Abstract # 155:

Scheduled for Sunday, September 18, 2011 05:00 PM-05:15 PM: Session 22 (Meeting Room 410) Oral Presentation


SIGNIFICANT GENOTYPE BY DIET (GXD) INTERACTION EFFECTS ON CARDIOMETABOLIC RESPONSES TO A PEDIGREE-WIDE, DIETARY CHALLENGE IN VERVET MONKEYS (CHLOROCEBUS AETHIOPS SABAEUS)

V. Voruganti1, M. J. Jorgensen2,3, J. R. Kaplan2,3, K. Kavanagh2,3, L. L. Rudel2,3, R. Temel2,3, L. A. Fairbanks4 and A. G. Comuzzie1,5
1Texas Biomedical Research Institute, PO Box 760549, San Antonio, Texas 78245, USA, 2Department of Pathology and Wake Forest University Primate Center,Winston-Salem, NC 27157, 3Wake Forest University Translational Science Institute, Winston-Salem, NC 27157, 4Semel Institute for Neuroscience and Human Behavior and UCLA School of Medicine, Los Angeles CA 90095, 5Southwest National Primate Research Center, Texas Biomedical Research Institute, San Antonio, Texas 78245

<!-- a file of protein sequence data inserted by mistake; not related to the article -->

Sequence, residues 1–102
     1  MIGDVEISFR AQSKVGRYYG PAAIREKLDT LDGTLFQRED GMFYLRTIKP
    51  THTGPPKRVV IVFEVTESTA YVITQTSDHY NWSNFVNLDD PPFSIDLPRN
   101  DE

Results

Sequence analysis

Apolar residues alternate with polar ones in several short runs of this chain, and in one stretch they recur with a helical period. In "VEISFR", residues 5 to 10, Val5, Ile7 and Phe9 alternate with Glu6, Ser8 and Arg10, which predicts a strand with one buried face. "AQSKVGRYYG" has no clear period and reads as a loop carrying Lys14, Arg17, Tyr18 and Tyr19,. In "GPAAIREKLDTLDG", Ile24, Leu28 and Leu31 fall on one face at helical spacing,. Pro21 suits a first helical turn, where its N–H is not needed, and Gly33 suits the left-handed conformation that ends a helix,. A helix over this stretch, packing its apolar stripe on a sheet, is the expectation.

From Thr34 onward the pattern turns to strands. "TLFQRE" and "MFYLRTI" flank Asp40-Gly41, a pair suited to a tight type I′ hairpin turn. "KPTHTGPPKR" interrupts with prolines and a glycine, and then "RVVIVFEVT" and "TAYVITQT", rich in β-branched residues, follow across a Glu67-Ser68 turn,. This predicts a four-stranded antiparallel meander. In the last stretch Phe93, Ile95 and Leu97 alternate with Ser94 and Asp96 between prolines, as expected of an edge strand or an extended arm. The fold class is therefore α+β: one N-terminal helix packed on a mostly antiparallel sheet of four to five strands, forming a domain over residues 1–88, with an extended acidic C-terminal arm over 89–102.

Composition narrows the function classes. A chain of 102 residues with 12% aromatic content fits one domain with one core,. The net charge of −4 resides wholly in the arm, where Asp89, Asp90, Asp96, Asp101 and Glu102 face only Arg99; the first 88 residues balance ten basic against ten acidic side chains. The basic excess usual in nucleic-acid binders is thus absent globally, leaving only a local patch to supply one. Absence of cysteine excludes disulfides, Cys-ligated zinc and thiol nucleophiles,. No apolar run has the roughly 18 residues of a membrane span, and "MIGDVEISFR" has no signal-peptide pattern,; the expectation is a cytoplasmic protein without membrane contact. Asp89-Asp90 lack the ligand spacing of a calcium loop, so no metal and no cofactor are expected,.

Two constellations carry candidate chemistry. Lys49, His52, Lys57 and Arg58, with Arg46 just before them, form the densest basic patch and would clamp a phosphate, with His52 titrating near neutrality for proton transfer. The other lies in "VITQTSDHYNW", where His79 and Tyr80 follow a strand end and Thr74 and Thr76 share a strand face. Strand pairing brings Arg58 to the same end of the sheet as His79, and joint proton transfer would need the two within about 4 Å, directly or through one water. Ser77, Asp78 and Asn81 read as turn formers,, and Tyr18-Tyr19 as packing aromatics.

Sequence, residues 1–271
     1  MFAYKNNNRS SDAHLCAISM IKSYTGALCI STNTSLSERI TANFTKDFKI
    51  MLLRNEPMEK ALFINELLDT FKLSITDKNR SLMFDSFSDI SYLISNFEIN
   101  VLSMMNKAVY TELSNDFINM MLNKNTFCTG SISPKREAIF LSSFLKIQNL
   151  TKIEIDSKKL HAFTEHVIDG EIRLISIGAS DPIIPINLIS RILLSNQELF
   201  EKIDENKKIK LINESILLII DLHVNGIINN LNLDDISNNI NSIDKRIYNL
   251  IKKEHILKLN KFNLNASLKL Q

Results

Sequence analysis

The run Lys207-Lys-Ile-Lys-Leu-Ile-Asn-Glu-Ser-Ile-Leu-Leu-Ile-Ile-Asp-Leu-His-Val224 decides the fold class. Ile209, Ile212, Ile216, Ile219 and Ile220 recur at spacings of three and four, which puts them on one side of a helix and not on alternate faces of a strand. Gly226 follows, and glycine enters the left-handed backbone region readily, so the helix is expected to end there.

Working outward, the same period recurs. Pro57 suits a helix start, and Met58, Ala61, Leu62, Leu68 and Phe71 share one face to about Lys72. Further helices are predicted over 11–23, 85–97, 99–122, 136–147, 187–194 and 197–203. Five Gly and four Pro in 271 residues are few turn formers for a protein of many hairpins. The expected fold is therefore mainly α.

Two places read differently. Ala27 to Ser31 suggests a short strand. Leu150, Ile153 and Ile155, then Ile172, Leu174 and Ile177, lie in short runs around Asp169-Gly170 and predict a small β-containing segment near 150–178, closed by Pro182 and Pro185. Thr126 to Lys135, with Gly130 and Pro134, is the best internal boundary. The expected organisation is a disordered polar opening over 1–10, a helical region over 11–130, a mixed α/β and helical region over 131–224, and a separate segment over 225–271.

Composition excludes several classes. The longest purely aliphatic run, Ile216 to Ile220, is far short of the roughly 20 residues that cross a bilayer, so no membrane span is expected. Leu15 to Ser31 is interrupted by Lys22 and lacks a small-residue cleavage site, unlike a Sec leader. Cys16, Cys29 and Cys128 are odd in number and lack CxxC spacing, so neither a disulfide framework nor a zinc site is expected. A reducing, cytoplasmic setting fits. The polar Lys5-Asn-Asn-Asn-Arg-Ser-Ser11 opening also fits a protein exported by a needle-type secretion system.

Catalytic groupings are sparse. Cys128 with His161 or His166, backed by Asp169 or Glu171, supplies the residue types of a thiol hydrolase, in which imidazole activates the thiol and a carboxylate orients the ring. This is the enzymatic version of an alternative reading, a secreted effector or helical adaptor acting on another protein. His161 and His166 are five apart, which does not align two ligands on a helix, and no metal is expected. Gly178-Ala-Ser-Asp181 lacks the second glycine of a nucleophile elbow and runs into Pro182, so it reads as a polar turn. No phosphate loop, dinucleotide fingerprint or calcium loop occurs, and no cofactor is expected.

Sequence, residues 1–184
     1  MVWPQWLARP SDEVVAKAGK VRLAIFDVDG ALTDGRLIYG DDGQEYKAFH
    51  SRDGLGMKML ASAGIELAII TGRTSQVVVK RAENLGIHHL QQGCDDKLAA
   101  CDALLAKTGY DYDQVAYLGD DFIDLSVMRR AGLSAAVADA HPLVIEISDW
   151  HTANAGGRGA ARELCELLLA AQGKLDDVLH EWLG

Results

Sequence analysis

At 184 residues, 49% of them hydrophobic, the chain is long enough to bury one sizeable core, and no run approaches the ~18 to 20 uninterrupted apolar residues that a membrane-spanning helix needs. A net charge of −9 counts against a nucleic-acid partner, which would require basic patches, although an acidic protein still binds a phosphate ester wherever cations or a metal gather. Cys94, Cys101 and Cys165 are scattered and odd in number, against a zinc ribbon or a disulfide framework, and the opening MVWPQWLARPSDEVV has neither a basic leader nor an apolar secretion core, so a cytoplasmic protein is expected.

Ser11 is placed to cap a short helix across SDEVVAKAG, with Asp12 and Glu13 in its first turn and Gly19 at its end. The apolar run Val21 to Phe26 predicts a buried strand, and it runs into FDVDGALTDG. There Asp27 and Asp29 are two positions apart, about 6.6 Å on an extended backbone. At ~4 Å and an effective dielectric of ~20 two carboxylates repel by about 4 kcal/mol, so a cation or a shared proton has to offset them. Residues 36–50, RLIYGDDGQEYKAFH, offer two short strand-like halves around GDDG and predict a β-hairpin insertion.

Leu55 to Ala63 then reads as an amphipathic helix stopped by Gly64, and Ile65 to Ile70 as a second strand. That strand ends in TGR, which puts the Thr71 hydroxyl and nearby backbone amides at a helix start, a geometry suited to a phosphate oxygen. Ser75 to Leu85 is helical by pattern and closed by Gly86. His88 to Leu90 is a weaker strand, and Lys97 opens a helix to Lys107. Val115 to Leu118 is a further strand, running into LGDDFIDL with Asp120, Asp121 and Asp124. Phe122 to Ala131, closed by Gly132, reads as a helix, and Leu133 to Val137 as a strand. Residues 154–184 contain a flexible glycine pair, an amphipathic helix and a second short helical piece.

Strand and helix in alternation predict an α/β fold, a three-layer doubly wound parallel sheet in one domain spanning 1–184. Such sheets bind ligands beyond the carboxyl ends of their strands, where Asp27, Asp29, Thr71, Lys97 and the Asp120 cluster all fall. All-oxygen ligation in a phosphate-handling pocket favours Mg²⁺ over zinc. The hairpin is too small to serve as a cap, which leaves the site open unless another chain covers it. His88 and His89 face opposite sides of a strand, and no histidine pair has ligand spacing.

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In this study we examined how genotype and diet interact (G x D) to affect cardiometabolic risk factors. Vervet monkeys (Chlorocebus aethiops sabaeus ) (3-24 years of age, n = 309), consuming a plant-based diet (18% of calories from protein, 13% from fat, and 69% from carbohydrates), were fed for eight weeks with a diet designed to model the typical American diet (18% of calories from protein, 35% from fat, and 47% carbohydrates). Exposure to the challenge diet did not result in significant changes in weight, however, most lipid and glycemic biomarkers moved in an adverse direction (p < 0.01). Quantitative genetic analyses showed that cardiometabolic phenotypes were significantly heritable under both dietary conditions (p < 0.05), however, there was significant evidence of G x D interaction for these traits. We observed significant differences in the additive genetic variances for lipid traits (p < 10-4), indicating that a common set of genes influence them under the two diets but that the magnitude of the effect is different. In addition, we rejected the hypothesis that the same genetic factors influence glucose and weight-related traits (p < 0.01), signifying that these phenotypes are influenced by different genes under the two different diets. In summary, there is evidence of a significant interaction between genes and diet in the regulation of key metabolic parameters.